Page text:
In the second chapter of Mark we find Jesus and his disciples picking and eating ears of corn, an act of work in violation with Sabbath rules.  When so accused, Jesus cites David’s need to eat on the Sabbath, when, as a fugitive on the run from Saul, with no provisions of his own, he went into the House of God and ate the sacred bread.   Then, as if to make things clearer, Jesus adds that “The Sabbath was made for the sake of humanity and not humanity for the sake of the Sabbath.”  The parallel passage in Luke (6:6-10) has Jesus, on another Sabbath, healing a man with a withered arm, justifying his action by saying that it was a good thing to do, and on the Sabbath, surely good things can be done.   A similar incident occurs in John’s gospel (5:2-17) but with an added and interesting teaching.  This time he’s healing a sick man lying beside the pool called Bethzatha, whom he commands to “take up your pallet and walk.”  That the man carries his pallet, however, is an offense against the Sabbath rest, and, of course, Jesus’ act of healing is also an offense.  And here Jesus says an interesting thing: “My Father is working still, and I am working.”

What is meant by this present active verbal expression of divine labor can be illumined in the parable of the seed growing secretly:

“The Kingdom of God is as if a man should scatter seed upon the ground, and should sleep and rise night and day, and the seed should sprout and grow, he knows not how. The earth produces of itself, first the blade, then the ear, then the full grain in the ear.  But when the grain is ripe, at once he puts in the sickle, because the harvest has come.”   (Mark 4:26-29)

The image of a seed in gestation is an excellent one.  Farmers and gardeners know it’s a chancy matter as to what seeds will do once they’re planted: will the seed sprout and put forth a plant to maturity?   After doing what one can to supply fertile ground, cultivation and water, one can only hope.  We can imagine the farmer in this parable, who, having planted the seed, is now sitting in his rocking chair on the front porch, looking out over his field, “night and day” as the parable says, waiting to see what will come forth.   The point of the parable is that the gestation part of the process is where the God the Father is working and the Son is working.  The image serves very well for plant gestation, but of course, the metaphor of seed-time and harvest is frequently used for its messianic implications regarding the destiny of the history in which we work.   It’s a messianic kind of promise working toward the fulfillment of the Kingdom, a continuing divine support for human toil.  Even as Paul says of his efforts:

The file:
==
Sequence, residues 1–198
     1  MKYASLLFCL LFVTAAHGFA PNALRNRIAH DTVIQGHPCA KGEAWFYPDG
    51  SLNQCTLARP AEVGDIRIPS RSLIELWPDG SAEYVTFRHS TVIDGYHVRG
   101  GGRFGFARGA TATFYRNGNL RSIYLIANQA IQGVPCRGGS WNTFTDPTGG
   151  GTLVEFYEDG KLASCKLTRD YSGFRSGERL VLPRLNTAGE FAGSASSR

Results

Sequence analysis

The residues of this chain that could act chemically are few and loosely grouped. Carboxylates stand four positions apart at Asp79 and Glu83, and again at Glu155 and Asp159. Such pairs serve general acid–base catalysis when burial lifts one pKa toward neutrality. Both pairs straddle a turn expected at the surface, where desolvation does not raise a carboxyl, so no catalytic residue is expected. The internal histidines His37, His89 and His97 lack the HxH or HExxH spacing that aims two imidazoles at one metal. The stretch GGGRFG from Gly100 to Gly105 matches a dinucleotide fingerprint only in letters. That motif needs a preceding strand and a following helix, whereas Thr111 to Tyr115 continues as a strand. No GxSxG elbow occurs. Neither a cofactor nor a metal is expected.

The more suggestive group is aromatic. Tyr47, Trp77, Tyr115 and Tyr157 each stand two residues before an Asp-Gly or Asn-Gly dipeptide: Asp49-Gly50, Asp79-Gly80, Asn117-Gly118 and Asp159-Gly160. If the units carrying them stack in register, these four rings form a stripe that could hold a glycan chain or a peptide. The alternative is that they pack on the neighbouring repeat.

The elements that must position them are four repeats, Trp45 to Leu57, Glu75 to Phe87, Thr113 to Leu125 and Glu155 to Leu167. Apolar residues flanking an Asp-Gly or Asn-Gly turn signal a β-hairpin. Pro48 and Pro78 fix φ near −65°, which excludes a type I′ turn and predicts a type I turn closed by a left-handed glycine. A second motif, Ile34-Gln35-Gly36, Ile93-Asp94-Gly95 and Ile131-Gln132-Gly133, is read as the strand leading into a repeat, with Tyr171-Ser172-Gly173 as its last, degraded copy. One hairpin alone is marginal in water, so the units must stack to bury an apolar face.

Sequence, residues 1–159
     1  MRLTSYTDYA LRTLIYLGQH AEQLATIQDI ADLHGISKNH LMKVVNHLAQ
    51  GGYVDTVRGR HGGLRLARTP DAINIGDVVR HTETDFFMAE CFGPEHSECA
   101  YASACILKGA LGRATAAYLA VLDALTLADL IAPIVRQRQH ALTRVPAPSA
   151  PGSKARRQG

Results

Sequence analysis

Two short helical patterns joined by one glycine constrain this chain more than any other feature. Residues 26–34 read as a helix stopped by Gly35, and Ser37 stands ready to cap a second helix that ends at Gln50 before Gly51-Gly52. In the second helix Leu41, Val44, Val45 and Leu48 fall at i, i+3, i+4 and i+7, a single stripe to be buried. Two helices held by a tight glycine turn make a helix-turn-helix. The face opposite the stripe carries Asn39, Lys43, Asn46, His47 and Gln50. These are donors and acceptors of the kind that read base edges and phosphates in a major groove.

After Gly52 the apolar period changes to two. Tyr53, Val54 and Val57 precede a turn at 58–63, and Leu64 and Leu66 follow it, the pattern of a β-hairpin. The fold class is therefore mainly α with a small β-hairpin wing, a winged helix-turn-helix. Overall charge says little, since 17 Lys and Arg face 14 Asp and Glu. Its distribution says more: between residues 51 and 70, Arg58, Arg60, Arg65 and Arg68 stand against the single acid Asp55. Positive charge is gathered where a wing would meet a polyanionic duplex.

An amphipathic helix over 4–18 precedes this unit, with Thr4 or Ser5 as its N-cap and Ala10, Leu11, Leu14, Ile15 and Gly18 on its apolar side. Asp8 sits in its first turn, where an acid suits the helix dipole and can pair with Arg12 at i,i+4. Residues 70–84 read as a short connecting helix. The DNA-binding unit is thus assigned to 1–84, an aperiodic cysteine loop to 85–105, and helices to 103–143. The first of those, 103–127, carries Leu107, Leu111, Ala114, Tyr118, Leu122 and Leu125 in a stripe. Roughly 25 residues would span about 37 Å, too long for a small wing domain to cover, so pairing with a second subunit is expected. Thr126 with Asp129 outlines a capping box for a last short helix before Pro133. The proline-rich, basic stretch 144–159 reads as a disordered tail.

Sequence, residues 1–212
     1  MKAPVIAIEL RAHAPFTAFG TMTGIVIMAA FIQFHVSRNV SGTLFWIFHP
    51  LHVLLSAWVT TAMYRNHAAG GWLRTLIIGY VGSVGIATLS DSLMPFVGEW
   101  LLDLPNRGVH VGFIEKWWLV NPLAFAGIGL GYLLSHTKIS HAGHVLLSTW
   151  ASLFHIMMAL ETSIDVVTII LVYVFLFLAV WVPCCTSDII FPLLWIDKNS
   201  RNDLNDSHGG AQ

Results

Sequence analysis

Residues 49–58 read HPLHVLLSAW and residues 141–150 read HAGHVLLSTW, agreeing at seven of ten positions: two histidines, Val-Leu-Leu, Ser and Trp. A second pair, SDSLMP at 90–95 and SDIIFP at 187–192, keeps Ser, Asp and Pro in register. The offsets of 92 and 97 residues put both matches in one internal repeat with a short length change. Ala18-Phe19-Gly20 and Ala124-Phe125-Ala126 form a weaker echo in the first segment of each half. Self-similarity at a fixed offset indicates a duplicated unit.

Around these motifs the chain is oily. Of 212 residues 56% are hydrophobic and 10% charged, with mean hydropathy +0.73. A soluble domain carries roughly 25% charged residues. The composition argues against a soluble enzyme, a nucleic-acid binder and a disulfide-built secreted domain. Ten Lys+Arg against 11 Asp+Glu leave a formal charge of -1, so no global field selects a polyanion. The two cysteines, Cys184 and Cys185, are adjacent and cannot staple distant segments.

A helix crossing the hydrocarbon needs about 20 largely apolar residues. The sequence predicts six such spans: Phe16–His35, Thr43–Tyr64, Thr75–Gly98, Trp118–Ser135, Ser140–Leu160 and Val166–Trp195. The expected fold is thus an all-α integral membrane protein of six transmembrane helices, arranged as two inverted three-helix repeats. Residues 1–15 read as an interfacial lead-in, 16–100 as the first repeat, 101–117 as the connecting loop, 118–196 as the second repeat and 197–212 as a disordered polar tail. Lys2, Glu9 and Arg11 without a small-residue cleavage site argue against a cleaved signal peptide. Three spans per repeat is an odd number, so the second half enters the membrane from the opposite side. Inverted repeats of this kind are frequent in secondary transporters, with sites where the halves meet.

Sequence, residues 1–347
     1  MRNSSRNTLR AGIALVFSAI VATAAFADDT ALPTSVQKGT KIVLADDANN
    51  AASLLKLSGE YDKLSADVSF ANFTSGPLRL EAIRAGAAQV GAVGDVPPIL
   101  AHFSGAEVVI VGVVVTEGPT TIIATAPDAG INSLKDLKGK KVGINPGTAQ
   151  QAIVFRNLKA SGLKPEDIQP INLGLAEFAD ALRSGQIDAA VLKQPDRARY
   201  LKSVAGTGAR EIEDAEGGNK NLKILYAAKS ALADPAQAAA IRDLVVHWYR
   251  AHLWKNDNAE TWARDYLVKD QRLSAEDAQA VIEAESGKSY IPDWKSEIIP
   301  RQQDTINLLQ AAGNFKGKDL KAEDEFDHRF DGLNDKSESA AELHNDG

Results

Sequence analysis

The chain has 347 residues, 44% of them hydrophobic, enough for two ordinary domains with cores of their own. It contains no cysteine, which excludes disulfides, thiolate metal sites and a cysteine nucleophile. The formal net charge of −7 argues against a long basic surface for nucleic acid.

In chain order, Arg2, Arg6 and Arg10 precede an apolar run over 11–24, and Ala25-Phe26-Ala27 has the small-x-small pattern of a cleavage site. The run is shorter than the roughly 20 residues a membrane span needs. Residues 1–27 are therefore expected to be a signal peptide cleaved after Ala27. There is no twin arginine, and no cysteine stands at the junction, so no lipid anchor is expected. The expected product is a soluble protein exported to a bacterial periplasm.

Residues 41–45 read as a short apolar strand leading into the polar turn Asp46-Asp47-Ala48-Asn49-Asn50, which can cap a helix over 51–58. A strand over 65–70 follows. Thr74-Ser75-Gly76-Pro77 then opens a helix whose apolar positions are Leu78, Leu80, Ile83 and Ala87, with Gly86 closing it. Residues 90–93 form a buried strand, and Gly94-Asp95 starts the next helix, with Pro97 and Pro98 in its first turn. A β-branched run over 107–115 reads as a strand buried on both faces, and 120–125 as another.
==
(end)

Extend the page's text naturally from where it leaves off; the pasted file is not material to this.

“I planted, Apollos watered, but God gave the growth.   So neither he who plants nor he who waters is anything, but only God who gives the growth…We are fellow    workmen for God…” (1 Corinthians 3:6-7, 9)

What we are to appreciate here is that divine work precedes and accompanies our own work.  Sunday, as the first day of the week, the day of resurrection, indicates that divine grace underlies any good work that follows through the week to come.  It may seem backward, but we may interpret the biblical teaching in the sense that rest precedes work or puts work in its proper perspective.  This view can be borne out by a close look at Jesus’ invitation:

“Come to me, all who labor and are heavy laden, and I will give you rest.”  (Matthew 11:28)

Usually, we are inclined to think that we give ourselves rest, but the original biblical language is not reflexive, not something we do to ourselves, but something done to us.  Hence, the language “I will give you rest,” or sometimes expressed as “I will refresh you,” or “I will lighten your load.”  In other words, it implies that rest has a source outside ourselves.[2]

This teaching, that rest comes to us from outside ourselves, ties in well with the placement of Sunday as both the first day—the day of resurrection—and also the day when rest is given.   Thus rest comes not last but first, and gets its meaning from enabling us to work more effectively afterward.  Rest is not “the suspension of work, but the fructification of work.”[3]   If we make ourselves aware of how we can contribute to the possibilities of God’s kingdom as it shows up in our work, then the rest that goes before work is a strong supportive push “to do the work we’ve been given to do.”  It is part of how the Sabbath is kept holy.

So, then, when is Sunday?  Sunday is the first day of the week.  When do I rest?  I am given rest before I work.  Sunday is given to me as a day to remember that God’s grace and the Son’s resurrection goes ahead of me, that this divine work precedes and supports my work when I work well.

Any essay about work—perhaps especially this one—may sound like a motivational speech, encouraging you to “hit the ground running,” “get out there and make a difference.”  I don’t mean it to be that way.  Rather, I encourage you to remember on Monday; that Monday is the second day of the week.  Bear in mind that your support comes from the grace of God, and that the holiness of Sunday is meant to bear you up and gear you up for the week to come.

Like a person who loves the seasons: summer, fall, winter, and spring, able to taste and know the special aspects of each one, so we ought to savor the goodness of Sunday, and the wonderful way it connects to the rest of the week.


[1] Calvin Marshall, Time, April 6, 1970

[2] George Crespy, “Fatigue and Rest According to the Bible,” in Fatigue in Modern Society, Paul Tournier, ed., James H. Farley, trans. (Richmond: John Knox, 1969), 66.

[3] Idem.

[The Rev. Armand  E. Larive; retired priest and author, Bellingham, WA.]